COVER talks to Lee Lovett, managing director, group protection at AIG Life, about the increasing numbers of young people seeking mental health support via group protection
Last week, AIG Life revealed the findings of recent research which showed a growing demand for private services to help people suffering mental health issues, most notably among the 18-35 age group.
The insurance provider's recorded increased demand for mental health help among members of group risk schemes via its wellbeing service, Smart Health, a digital healthcare service delivered by global telehealth provider Teladoc Health.
Over half (57%) of those seeking Smart Health mental health and psychologist consultations are aged 18-35 and 5% are under 18, AIG found.
Young people might find it easier in that first instance to talk to a stranger about mental health pressures via a phone or video call, rather than approach their own GP.”
COVER talks to Lee Lovett, managing director, group protection at AIG Life, about the state of mental health support for young people and as part of group protection offerings on a wider scale.
Recent ONS data has highlighted the rising levels of depression in young people throughout the pandemic, so it is a surprise to see this age group looking for mental health support via group protection products?
"I don't think it's a surprise that young people are using what are effectively free services, and making the most of the benefits that they get from their company or employer. The publicity campaign has done a good job of teaching us all that it's okay not to be okay, and that there's no stigma in seeking help.
"Many employers have stepped up during this crisis to do more to help employees through the pandemic and the consequences of this. Being at arms' length from the people we might usually speak to in person will have tested people's emotional resilience.
"Some of the people turning to group protection services like Smart Health from AIG for help are parents whose children's mental health may have been heavily affected by lockdown. They've had the benefit of being able to have their child speak to a psychologist and get some specialist support or counselling from the comfort of their own home."
Could this be a generational mindset, with young people more prepared to seek help and flexible to look at alternate options as opposed to waiting it out?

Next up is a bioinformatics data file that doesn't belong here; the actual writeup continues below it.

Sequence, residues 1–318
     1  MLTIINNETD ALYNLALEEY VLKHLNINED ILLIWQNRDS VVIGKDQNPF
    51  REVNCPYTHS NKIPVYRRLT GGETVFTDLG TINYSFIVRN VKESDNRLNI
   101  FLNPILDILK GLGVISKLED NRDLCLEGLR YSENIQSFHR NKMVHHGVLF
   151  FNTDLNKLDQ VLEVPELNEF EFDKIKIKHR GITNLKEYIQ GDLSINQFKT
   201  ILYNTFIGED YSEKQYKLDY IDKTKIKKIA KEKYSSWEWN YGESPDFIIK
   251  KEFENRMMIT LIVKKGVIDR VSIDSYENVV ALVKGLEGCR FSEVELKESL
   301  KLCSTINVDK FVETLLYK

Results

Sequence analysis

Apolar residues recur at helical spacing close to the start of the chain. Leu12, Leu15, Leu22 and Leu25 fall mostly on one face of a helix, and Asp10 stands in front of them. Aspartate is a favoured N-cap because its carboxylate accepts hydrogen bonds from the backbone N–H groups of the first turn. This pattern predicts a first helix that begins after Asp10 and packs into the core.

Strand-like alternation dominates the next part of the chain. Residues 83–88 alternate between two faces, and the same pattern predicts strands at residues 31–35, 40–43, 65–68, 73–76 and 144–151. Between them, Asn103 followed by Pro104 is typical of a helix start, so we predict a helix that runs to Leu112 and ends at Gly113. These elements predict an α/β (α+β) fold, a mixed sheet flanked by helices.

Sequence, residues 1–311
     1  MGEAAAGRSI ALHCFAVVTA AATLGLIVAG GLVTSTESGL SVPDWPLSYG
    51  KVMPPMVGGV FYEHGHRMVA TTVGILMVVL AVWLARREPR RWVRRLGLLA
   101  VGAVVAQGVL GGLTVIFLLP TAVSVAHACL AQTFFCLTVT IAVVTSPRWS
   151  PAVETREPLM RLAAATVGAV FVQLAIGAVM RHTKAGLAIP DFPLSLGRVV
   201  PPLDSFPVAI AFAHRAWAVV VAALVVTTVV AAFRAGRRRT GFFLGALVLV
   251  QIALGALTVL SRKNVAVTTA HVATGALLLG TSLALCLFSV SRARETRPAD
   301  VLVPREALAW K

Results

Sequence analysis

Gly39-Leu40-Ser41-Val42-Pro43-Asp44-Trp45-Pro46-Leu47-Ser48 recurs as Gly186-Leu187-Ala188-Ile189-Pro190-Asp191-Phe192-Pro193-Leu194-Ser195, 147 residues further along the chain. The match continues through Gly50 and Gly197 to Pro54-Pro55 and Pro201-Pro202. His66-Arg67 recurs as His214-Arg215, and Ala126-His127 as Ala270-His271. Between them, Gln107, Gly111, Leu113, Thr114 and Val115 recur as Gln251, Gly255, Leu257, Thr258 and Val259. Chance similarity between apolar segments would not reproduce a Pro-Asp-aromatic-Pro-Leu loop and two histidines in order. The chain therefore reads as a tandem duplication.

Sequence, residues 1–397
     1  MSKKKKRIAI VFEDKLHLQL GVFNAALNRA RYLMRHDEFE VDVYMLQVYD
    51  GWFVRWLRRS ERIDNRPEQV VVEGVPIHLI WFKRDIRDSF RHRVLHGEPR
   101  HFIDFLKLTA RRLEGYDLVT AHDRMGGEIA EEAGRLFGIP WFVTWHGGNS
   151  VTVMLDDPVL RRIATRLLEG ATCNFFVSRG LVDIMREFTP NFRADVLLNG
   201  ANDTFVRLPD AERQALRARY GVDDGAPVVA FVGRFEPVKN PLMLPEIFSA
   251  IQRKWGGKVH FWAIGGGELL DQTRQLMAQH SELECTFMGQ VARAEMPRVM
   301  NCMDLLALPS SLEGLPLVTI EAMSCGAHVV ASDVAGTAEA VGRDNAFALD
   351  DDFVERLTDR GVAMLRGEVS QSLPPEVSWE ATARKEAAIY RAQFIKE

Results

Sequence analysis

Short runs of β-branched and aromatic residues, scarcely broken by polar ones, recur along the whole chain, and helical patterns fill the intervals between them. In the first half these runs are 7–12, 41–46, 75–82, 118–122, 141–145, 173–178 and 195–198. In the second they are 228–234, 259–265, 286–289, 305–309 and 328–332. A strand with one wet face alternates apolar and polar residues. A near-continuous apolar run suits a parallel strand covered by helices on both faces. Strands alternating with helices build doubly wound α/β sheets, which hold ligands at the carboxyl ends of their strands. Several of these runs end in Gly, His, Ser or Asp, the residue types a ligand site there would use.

"Young people are clearly very comfortable engaging through the digital world, or looking for digital solutions to a problem. And they do seem to be more open to acknowledging when they've mental health challenges. I think it's a great endorsement of the services insurers offer that people are turning to them regularly.
"If you're already struggling with anxiety, it takes courage to make that first step and ask for help. Young people might find it easier in that first instance to talk to a stranger about mental health pressures via a phone or video call, rather than approach their own GP."
Could the real scale of the mental health issues among this age group be much wider, given that the data only provides a snapshot of those engaging with this particular group protection product?
"This pandemic has been tough on all of us, and I do think the scale of mental health pressures could be much wider that we realise.
"It's the youngest workers, those who were maybe in hospitality or retail jobs, or recently out of university, who are most likely to have lost their jobs or been affected financially. They don't have access to the services from their employer that could help them get through an emotionally difficult time. So, they might not know where to turn to get help.
"That's only what we can see at the moment too. There could well be an impact in the future on young people whose education has been disrupted or whose exams have been cancelled, or who are worried about their job prospects. That's why it's important that every employee who has access to group protection benefits like health and wellbeing services are given the chance to share it with their kids too."
With NHS waiting times seemingly only set to grow, should employers with group protection be looking to embed these types of support services into their cultural fabric on a permanent basis?
"I believe employers have a duty of care to make sure that the services they provide are embedded in their cultural fabric, and that employee benefits are promoted much more to employees. They can make a real difference to the people behind their business or organisation.
"It could also build loyalty if the paternalistic employer can show employees how useful they are for their - and their family's - everyday health.
"Six out of 10 (59%) employees told us in previous research that they felt guilty about taking time out of work for medical appointments - half had missed or cancelled medical appointments to prioritise work even though employers were flexible about work.
"We've learned through this pandemic that our health is important. Take it a step further and be clear as an employer that you genuinely care about people's health by giving them the tools to better manage their health, and the good employees will likely want to stay."
You can find all of COVER's editorial and resources for Mental Health Awareness Week here.
Business is main source of income for 67% of SME owners
Group health and life cover
Leading With Distinction
Canada Life finds